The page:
by the legislature.See footnote 15 We, therefore, conclude that under W.Va. Code § 31-1-15, the Secretary of State is the authorized attorney-in-fact to accept service of process on public corporations and agencies pursuant to the provisions of Rule 4(d)(6)(D) of the Rules of Civil Procedure.

    Having established the procedure for service of process on a public corporation, we address the service in this case. Here the service was attempted by serving Mr. Gleason, who was the Secretary of the Department of Transportation, which includes the Division of Highways. There is no dispute that this was a proper official for service under Rule 4(d)(6)(D). However, service was not made upon Mr. Gleason. Rather, the deputy sheriff served the papers upon Mr. Gleason's secretary, who forwarded them to Ms. Holmes, his administrative assistant, who placed them on Mr. Gleason's desk. Mr. Gleason's affidavit indicates that he was unaware of their legal purport and thought that copies had been given to the legal division.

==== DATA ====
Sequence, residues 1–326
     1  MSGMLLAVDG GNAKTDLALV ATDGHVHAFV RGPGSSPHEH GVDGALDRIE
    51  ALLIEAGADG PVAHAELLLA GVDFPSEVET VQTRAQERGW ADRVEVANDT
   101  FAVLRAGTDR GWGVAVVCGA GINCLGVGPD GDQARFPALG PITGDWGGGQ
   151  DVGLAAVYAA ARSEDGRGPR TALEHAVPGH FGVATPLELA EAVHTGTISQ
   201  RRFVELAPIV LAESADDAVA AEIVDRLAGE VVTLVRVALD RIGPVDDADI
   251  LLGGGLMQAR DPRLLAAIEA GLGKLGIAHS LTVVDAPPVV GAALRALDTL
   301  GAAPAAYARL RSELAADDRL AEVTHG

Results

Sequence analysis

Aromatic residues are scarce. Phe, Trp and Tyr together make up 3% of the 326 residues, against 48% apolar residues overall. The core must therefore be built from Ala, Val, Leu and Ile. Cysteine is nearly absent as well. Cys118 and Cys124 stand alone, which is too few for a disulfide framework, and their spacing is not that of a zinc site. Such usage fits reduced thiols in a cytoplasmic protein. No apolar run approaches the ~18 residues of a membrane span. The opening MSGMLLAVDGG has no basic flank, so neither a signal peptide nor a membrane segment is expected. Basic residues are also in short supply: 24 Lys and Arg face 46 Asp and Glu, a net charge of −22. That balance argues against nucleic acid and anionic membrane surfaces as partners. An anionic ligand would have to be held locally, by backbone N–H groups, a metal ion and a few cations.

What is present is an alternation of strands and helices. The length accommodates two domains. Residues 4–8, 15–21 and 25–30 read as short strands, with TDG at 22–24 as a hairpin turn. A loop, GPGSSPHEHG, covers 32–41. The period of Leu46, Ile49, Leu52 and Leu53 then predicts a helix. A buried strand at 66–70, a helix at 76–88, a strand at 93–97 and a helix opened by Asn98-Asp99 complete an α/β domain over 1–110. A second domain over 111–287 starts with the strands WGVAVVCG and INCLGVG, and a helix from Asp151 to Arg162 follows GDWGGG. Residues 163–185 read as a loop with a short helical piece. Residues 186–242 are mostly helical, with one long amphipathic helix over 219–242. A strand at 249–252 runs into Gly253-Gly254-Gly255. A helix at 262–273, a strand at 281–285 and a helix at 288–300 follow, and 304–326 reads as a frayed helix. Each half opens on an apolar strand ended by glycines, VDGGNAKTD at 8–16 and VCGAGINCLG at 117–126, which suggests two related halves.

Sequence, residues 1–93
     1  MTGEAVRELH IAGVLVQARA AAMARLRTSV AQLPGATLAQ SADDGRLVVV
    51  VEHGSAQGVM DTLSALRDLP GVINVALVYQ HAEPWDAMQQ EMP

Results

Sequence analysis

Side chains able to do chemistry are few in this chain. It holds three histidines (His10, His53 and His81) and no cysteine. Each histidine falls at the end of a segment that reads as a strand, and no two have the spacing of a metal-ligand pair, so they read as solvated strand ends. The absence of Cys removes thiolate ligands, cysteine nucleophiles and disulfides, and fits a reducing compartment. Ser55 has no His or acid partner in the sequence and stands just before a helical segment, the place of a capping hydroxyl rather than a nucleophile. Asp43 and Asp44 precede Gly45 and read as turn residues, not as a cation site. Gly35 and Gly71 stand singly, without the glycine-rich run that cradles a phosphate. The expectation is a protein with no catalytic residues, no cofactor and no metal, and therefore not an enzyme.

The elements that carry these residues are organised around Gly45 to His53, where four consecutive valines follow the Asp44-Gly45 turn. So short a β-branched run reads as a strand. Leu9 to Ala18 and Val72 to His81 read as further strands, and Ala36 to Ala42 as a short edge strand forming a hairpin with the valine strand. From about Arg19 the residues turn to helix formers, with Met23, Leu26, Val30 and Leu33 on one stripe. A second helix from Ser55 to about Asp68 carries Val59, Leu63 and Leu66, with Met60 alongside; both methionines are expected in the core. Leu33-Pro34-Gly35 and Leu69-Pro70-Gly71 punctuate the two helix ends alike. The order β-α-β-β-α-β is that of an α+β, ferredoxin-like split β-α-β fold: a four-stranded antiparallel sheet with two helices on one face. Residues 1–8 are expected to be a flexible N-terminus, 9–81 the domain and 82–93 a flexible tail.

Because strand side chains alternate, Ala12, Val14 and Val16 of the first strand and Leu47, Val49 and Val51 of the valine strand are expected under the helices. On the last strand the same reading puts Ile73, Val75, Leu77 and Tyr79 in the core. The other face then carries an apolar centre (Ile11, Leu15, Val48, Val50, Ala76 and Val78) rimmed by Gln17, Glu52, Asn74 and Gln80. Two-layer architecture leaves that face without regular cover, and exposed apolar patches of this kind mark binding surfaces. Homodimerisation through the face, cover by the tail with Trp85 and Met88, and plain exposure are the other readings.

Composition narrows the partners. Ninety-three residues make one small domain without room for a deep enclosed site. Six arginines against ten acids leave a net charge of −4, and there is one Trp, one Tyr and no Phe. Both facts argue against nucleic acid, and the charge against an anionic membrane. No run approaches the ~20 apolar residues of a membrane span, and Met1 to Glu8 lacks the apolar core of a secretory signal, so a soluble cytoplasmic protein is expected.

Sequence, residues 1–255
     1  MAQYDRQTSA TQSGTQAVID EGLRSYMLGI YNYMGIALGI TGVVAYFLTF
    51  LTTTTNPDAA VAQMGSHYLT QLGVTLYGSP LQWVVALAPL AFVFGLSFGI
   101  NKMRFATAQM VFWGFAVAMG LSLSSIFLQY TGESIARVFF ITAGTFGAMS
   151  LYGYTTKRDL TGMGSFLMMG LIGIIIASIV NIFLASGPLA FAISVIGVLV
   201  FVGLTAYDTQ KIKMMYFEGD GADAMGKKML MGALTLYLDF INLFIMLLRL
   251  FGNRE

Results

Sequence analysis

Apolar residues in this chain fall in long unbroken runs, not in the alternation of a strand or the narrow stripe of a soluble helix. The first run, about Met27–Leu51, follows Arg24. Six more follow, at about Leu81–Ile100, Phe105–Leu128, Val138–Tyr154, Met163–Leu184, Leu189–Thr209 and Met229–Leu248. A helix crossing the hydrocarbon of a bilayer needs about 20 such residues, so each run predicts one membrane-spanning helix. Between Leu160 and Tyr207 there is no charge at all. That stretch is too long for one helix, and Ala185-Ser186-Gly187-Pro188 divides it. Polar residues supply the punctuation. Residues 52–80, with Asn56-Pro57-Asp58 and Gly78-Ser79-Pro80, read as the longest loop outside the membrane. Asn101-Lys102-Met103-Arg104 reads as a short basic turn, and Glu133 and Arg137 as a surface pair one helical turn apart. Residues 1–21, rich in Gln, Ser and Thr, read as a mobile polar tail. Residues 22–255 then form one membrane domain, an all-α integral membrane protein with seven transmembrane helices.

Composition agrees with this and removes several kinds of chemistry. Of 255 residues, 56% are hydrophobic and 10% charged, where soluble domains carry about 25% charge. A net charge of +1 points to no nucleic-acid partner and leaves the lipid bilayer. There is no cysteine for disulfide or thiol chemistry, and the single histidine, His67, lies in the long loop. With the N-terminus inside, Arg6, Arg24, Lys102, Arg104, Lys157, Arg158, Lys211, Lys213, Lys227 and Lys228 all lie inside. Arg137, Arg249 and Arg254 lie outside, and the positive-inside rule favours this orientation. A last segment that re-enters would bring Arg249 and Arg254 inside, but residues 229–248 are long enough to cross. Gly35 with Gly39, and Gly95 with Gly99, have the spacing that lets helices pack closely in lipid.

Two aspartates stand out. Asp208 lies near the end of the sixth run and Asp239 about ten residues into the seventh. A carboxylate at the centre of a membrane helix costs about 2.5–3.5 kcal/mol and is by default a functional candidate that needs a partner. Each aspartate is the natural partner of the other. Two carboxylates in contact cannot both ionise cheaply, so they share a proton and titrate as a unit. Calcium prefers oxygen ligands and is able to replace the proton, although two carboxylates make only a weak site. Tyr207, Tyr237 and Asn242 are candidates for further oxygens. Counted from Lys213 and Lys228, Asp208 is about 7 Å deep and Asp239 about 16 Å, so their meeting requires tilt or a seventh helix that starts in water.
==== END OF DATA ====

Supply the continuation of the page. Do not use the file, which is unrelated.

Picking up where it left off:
We have found cases where the courts have considered whether in a suit against a public corporation or official, service of process upon a secretary is adequate. These courts conclude that service on a secretarial employee is insufficient to constitute valid service absent a showing that such person was authorized to accept service. See, e.g., Franz v. Board of Educ. of Elwood Union Free Dist., 112 A.D.2d 934, 492 N.Y.S.2d 452 (1985); Brakkee v. Rudnick, 409 N.W.2d 326 (N.D. 1987); Nitardy v. Snohomish County, 105 Wash.2d 133, 712 P.2d 296 (1986); Meadowdale Neighborhood Committee v. City of Edmonds, 27 Wash.App. 261, 616 P.2d 1257 (1980).See footnote 16 A similar rule exists in the federal system under its service of process statute as to serving state public corporations. See, e.g., Richards v. New York State Dept. of Correctional Services., 572 F.Supp. 1168 (S.D.N.Y. 1983); Miree v. United States, 490 F.Supp. 768 (N.D.Ga. 1980).